Although it prioritizes other countries, China retains its position as the principal collaborator with the BRICS (see graph). For example, the partnership that has yielded the highest number of scientific articles was between China and Russia—a total of 6,343 articles were published in co-authorship. “Of course, the higher a country’s scientific production, the greater the likelihood that it will collaborate with other nations,” Finardi explains. And in the case of China and Russia, he says, both have a huge community of researchers. “The strength of the relationship between the two countries is also explained by their common history as socialist regimes,” he adds. China ranks second among bloc countries with which Brazil has the most ties, especially in engineering, the social sciences, and the humanities—followed by India and, lastly, by South Africa.
According to Peter Schulz, a professor at the School of Applied Sciences at the University of Campinas (Unicamp), one contribution by Finardi’s work is that it shows Brazil’s relations with India and South Africa are stronger than had been previously thought. “Therefore, the data gathered in the study may also be useful in justifying the development of collaboration programs among those countries, such as the program for Trilateral Cooperation in Science, Technology and Innovation between India, Brazil, and South Africa under the India-Brazil-South Africa Dialogue Forum (IBSA),” he says. Inaugurated in 2003, the forum has launched projects in various fields of science, such as nanotechnology, where research efforts are presently suspended, awaiting new financing.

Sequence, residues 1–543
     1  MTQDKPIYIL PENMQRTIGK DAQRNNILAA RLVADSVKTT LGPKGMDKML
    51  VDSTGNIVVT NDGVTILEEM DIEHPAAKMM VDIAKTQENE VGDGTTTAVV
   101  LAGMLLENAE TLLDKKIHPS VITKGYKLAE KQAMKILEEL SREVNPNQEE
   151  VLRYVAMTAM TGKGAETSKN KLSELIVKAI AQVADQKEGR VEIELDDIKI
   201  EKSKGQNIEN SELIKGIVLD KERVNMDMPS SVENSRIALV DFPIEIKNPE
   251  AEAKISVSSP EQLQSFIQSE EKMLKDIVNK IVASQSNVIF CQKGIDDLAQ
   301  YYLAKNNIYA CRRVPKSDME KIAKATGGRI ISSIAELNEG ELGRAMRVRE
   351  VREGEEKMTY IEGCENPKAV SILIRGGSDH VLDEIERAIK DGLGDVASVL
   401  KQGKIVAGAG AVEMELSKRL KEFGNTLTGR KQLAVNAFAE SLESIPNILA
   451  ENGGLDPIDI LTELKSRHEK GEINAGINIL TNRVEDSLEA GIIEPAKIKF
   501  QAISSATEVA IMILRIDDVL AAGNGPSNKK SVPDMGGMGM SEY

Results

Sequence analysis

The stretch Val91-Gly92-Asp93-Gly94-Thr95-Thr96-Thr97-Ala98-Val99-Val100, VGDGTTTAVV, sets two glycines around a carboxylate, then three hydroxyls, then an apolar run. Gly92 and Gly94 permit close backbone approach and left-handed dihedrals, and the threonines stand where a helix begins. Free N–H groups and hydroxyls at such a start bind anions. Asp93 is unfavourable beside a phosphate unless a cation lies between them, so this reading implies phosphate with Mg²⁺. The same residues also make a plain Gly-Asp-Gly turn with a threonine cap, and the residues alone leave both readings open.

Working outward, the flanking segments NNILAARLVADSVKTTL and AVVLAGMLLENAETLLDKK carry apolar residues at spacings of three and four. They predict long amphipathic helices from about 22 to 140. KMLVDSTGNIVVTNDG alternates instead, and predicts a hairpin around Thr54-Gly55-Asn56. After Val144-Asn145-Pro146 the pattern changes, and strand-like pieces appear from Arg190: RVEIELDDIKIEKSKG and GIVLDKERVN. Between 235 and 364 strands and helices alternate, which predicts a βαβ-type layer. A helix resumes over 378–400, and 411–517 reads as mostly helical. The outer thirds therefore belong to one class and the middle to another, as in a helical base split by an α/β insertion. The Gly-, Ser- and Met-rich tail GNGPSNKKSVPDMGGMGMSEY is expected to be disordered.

For a few years, partnerships in nanotechnology had been established, especially between Brazilians and South Africans. “That field has gained ground in South Africa and exhibits a level of scientific development that resembles ours,” says José Antonio Brum, a Unicamp professor and assistant coordinator of Special Programs at FAPESP. He was responsible for nanotechnology under the IBSA program in Brazil and in the past four years has closely followed South Africa’s progress in that field as a member of that country’s National Nanotechnology Council. “Researchers from South Africa have a lot of projects for developing nanometric structures for water filtration, a subject that is certainly of interest to Brazilians in times of drought,” Brum says.